Volkswagen Compliance Chief Steps Down

Mac Matarieh
Associate Editor
Loyola University Chicago School of Law, JD 2018


Volkswagen installed emission software that allowed more than a half-million diesel cars in the United States to cheat the emissions test set by the Environmental Protection Agency (EPA). Volkswagen has since recalled millions of vehicles and has reached a nearly $15 billion settlement in the United States. Volkswagen hired Christine Hohmann-Dennhardt as their new compliance chief to turn the companies’ policies and ethics in the right direction. Less than a year since joining Volkswagen, Hohmann-Dennhardt will be parting ways with Volkswagen, bringing the company back to square one with their compliance initiatives. 

In September of 2015, the EPA discovered that many Volkswagen vehicles in the United States had a “defeat device” or software in diesel engine vehicles. The defeat device would recognize when the vehicle was going through an emissions test to measure carbon dioxide emission levels and would change the performance of the vehicle to improve the results. The EPA found 482,000 vehicles in the US alone, but Volkswagen admitted that about 11 million vehicles worldwide were fitted with the software.

What has happened since Volkswagen admitted to the scandal?

Volkswagen recalled millions of cars that were set to be released in early 2016 and set aside nearly $7.2 billion (€6.7 billion) to cover the costs. U.S. District Court Judge Charles Breyer approved a $14.6 billion settlement in October of 2016. In January of this year, the U.S. Department of Justice announced $4.3 billion in criminal and civil penalties and six Volkswagen executives were arrested for their connection with the scandal. Furthermore, a corporate compliance monitor will be watching Volkswagen for three years under the terms of its probation.

Volkswagen must buy back 85% of all cars by June of 2019 or pay to fund state-level projects to reduce nitrogen-oxide emissions under the EPA’s reduction act. Moreover, Volkswagen must spend $2 billion over the next 10 years to invest in green energy and electric cars.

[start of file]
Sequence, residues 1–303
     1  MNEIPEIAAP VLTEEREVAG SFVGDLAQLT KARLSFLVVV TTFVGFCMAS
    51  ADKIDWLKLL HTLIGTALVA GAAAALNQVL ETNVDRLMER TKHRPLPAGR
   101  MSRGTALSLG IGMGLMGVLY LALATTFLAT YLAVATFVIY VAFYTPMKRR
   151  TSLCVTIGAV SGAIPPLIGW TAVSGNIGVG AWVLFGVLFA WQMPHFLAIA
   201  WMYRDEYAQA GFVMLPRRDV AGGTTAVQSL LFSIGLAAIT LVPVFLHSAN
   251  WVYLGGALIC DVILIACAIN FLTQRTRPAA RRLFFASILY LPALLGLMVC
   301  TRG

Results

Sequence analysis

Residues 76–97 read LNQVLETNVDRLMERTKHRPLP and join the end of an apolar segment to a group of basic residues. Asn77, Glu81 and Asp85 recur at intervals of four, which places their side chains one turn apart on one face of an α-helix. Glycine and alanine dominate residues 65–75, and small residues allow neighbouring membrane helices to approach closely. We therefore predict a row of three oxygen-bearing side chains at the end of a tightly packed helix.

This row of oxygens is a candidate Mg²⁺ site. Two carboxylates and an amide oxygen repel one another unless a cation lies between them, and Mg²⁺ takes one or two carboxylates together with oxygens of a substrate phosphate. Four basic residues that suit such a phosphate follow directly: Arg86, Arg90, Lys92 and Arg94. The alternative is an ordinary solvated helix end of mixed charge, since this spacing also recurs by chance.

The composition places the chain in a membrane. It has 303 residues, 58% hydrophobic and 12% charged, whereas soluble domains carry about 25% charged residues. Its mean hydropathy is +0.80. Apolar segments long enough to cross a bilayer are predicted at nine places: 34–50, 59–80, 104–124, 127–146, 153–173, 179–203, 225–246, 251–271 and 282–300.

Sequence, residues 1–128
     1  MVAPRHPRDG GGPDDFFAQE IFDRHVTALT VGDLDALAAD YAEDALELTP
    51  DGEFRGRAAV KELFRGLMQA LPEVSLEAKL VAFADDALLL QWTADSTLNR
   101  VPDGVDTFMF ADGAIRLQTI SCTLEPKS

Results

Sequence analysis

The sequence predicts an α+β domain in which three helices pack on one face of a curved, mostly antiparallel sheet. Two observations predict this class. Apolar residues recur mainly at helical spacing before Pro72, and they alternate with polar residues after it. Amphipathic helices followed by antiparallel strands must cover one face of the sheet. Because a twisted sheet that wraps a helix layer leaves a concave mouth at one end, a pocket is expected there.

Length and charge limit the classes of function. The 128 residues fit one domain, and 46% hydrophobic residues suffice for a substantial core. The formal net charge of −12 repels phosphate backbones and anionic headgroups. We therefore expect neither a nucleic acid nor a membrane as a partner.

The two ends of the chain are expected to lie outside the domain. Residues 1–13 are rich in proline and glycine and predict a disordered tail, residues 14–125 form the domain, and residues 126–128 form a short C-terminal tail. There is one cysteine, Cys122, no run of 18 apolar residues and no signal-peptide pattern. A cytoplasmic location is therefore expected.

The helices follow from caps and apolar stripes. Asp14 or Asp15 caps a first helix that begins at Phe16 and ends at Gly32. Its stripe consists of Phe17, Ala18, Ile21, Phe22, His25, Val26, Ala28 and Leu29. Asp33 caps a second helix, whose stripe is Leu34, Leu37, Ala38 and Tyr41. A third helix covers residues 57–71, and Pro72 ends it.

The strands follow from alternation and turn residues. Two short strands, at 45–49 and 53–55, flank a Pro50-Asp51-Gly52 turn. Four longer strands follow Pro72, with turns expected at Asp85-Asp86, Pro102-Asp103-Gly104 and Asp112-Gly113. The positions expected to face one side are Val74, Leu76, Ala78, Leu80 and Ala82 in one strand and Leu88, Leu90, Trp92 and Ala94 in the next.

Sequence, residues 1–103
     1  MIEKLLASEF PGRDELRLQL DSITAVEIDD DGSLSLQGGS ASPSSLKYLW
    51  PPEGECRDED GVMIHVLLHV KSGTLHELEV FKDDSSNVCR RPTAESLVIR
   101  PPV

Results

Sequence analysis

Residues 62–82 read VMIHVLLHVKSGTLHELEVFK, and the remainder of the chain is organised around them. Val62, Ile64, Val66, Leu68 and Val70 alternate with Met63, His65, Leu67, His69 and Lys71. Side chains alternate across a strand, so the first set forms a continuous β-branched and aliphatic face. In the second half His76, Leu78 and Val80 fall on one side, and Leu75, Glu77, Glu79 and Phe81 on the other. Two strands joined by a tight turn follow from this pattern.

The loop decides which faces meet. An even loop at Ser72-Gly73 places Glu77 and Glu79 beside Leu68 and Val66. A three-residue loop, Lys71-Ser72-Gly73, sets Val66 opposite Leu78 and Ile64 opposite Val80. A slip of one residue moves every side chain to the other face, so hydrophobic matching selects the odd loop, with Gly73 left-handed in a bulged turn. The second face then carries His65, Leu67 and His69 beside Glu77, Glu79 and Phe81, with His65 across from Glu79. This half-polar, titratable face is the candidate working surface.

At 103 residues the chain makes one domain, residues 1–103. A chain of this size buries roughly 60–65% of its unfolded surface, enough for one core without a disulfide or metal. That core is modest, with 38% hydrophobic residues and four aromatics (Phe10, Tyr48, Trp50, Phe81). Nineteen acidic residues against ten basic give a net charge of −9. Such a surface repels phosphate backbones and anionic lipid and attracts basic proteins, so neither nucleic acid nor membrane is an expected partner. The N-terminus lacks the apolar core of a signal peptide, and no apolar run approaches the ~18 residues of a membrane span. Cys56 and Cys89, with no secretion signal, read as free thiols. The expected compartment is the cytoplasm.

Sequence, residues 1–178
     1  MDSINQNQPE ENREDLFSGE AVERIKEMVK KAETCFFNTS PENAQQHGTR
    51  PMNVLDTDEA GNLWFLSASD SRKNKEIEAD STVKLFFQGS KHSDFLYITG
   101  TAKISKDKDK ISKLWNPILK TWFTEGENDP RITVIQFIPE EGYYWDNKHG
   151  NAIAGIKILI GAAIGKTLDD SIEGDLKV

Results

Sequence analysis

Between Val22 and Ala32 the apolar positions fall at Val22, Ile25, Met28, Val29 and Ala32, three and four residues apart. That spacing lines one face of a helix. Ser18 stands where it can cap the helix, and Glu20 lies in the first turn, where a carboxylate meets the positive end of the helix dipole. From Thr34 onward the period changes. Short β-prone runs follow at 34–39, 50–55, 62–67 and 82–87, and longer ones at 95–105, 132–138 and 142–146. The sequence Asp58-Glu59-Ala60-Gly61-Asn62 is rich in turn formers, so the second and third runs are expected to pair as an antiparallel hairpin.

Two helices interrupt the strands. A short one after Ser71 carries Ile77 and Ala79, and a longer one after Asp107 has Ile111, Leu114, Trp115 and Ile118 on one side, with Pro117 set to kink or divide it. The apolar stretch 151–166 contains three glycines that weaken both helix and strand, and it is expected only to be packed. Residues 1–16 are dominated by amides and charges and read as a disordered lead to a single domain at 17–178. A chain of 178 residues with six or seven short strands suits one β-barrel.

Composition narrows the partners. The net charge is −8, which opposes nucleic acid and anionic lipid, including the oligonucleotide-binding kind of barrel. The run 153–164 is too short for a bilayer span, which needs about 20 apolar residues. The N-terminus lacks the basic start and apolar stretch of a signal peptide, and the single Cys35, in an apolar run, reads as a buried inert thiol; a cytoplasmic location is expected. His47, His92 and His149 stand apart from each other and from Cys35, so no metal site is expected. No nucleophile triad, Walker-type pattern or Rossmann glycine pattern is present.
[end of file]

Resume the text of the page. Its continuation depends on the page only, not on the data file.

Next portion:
Volkswagen’s Compliance Chief Steps Down

Christine Hohmann-Dennhardt was hired in early 2016 in response to the emissions scandal. Late last week news broke that Dennhardt was to leave the management board based on differences of opinion regarding her role. Volkswagen issued a statement saying that Dennhardt was leaving “due to differences in their understanding of responsibilities of future operating structures within the function she leads.” To make matters worse, Volkswagen reported that the former chief executive Martin Winterkorn was a suspect in a fraud investigation brought by the German government.

What does this mean for compliance at Volkswagen?

The emissions scandal was more than detrimental to Volkswagen. It is evident that internal monitoring and auditing through compliance was ignored while the scandal occurred. Furthermore, Volkswagen did not implement their compliance standards properly, causing the scandal to unfold at an alarming rate. It is difficult to say where things went wrong for Volkswagen, but moving forward training must be a major focus for the car company. Although it was not until Volkswagen was investigated that they admitted to the scandal, they did take appropriate action responding to the offenses and attempted to take the proper steps moving forward.

The departure of Volkswagen’s head of compliance brings about another alarming scenario for Volkswagen. In just under a year, after one of the largest compliance breakdowns in recent history, the person hired to implement reforms has left the company. Some might argue that Volkswagen is not taking the effects of the scandal seriously and that their culture of compliance is at a major risk. Only time will tell if Volkswagen will be able to truly bounce back from the effects of this scandal. They are not off to a good start.